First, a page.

Sexual Behavior and Vulnerability to HIV Infection among Seasonal Migrant Laborers In Metema District, Northwest Ethiopia: A Cross-Sectional Study
Poor socio-economic conditions fuel seasonal migration of adult males from Northwestern Ethiopia, but behavioral and other migration-related changes increase their vulnerability to HIV. This study examined risky sexual behaviors and associated factors that may lead to increased HIV infection vulnerability among migrant laborers in Metema District, Ethiopia.
A community-based cross-sectional study was conducted from July 8–18, 2013 at farms with migrant laborers. We enrolled 756 participants through multistage random sampling.
Of the participants, 582 (77%) migrant workers had had sexual intercourse in their lifetimes and 68% (397/582) reported non-marital sexual intercourse in the preceding six months. Of these, 74% reported sexual intercourse with commercial sex workers (CSWs), 49% reported having transactional sex, 49% reported unprotected sexual intercourse with CSWs, and 69% reported multiple sexual partners in the preceding six months (mean = 2.9 ± 0.7). Being aged between 20 and 29 years, aged 30 years or older, having received of HIV prevention information in the preceding six months, and staying longer on the farm were factors significantly associated with condom use at last non-marital sexual intercourse. Teenaged respondents aged , those who had not received HIV information in the preceding six months, or those who had stayed on the farm for ≤2 months were less likely to have used condoms at their last non-marital sexual intercourse. Moreover, having daily income above US$5, paying for most recent sexual intercourse, and drinking alcohol before last sexual intercourse were significantly associated with having multiple (≥2) sexual partners during the preceding six months.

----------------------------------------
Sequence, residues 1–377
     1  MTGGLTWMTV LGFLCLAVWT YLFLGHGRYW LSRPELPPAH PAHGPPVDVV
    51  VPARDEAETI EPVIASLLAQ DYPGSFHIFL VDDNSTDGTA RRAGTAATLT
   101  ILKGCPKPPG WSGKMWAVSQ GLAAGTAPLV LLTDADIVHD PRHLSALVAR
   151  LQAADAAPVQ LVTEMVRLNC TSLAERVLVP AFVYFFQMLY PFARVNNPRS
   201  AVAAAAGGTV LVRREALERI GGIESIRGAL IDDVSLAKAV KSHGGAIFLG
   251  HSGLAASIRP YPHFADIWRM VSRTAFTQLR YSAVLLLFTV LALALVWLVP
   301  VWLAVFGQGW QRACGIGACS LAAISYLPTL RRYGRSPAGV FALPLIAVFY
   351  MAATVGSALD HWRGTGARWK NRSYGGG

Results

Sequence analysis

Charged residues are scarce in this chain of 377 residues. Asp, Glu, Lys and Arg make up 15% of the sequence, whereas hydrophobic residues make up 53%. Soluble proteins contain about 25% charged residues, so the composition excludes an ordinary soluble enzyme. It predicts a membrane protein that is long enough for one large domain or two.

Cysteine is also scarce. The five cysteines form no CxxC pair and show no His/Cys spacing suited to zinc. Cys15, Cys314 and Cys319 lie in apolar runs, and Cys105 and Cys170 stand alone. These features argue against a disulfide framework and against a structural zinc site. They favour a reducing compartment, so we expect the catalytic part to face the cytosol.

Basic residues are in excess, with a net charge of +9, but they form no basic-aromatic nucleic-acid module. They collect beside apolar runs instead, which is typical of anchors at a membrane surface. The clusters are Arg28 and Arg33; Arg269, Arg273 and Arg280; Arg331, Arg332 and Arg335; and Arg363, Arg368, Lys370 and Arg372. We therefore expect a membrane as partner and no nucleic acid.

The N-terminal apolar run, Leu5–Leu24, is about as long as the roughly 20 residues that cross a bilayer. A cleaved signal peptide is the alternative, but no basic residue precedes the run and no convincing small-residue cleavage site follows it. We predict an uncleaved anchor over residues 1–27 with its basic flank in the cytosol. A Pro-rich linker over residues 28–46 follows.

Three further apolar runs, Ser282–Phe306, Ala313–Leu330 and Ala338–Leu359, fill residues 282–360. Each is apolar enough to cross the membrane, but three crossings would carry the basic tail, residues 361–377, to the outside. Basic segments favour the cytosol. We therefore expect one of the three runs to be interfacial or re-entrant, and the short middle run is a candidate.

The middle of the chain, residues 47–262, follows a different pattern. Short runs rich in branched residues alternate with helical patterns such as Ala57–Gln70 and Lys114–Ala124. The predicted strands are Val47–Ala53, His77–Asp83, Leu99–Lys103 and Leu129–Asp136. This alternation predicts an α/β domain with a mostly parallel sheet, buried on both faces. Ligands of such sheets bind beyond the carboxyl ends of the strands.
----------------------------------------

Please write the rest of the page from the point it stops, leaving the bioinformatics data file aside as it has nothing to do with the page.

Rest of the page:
Seasonal laborers commonly exhibit risky sexual behaviors likely to increase their vulnerability to HIV infection. Unprotected and multiple sex partners in these populations pose transmission risks to seasonal laborers and onward to their wives and future sexual partners. The findings support the need for targeted HIV prevention campaigns designed for seasonal workers and their sexual partners.